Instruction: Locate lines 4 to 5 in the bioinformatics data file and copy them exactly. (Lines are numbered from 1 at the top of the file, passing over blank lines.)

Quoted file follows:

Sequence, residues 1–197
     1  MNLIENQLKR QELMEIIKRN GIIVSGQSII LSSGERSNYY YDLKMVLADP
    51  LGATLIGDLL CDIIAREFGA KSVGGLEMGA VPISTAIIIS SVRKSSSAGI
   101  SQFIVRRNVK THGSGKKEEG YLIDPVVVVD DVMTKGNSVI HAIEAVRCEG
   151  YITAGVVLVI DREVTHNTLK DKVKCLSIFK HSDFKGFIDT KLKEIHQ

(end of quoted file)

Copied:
   101  SQFIVRRNVK THGSGKKEEG YLIDPVVVVD DVMTKGNSVI HAIEAVRCEG
   151  YITAGVVLVI DREVTHNTLK DKVKCLSIFK HSDFKGFIDT KLKEIHQ